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Egypt: revolt of the hungry

This article is over 17 years, 3 months old
A strike wave in Egypt is challenging the regime of Hosni Mubarak and shows the power that can bring change in the Middle East, writes Hossam el-Hamalawy
Issue 2038
Women played a leading role in the strikes (Pic: Nasser Nouri)
Women played a leading role in the strikes (Pic: Nasser Nouri)

It began in Egypt’s biggest factory in December with a strike of 27,000 textile workers. Then it spread to other textile mills across the Nile Delta.

Egypt’s biggest strike wave in decades is spreading like wildfire. A new generation of workers, many in their 20s and 30s, have taken the lead.

Now this movement is challenging the state-backed unions, and raising political demands about democracy, corruption and repression.

Often the strikes are short, winning victories after occupations, hunger strikes and confrontations with the hated state security forces.

No sooner is one strike settled than another breaks out.

This is Egypt’s winter of discontent. In the words of one strike leader it is the beginning of the “revolution of the hungry”.

This strike wave hits at the heart of the dictator Hosni Mubarak’s new economic policies.

Since the early 1990s Mubarak, one of the US’s major allies in the Middle East, has implemented neoliberal economic policies backed by the strong arm of the state.

Far from turning Egypt into an economic powerhouse, the price hikes, wage cuts and attacks on social welfare are driving an already poor population into greater misery.

The Egyptian currency has lost half its value, while the privatisation programme is leading to the closure of factories.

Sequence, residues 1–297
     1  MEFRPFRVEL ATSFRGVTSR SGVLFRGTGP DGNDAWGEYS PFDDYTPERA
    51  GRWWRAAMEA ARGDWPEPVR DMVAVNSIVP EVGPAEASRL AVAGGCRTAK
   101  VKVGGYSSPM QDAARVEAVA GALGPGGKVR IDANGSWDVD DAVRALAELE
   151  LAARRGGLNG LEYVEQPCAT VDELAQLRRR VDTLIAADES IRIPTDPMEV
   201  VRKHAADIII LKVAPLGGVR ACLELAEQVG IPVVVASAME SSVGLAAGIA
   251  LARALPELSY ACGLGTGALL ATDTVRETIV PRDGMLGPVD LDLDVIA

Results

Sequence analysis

Undeterred by economic failure, Mubarak told the nation on 26 December that he was recommending 34 changes in the constitution that would unravel gains made by Egyptian workers in the 1950 and 1960s.

Mubarak announced the changes would “not only aim to rid Egypt of socialist principles launched in the 1960s, but also seek to create a more favourable atmosphere for foreign investment”.

The economic policies would be coupled with limited democratic reforms, but as with the benefits of the neoliberal programme, these reforms were an illusion. Mubarak conceded limited changes while he concentrated more power into his own hands.


After the speech Egyptian bosses sought to test the resolve of their workers. The first battle in this war had already taken place in the town of Mahal el-Kubra, north of Cairo.

In early December textile workers at the Ghazl el-Mahal factory arrived at work to discover that their annual two month public sector wage bonus – that supplements their meagre £22 a month wage – had been cut.

Shocked, they approached management and the official union factory committee and were told that the bonus would only be paid to government employees.

A group of young militants on the morning shift walked out. As each shift arrived at the factory gates they voted to join the action. A huge rally of 20,000 workers took over the centre of the town, and after a brief confrontation drove out the security forces.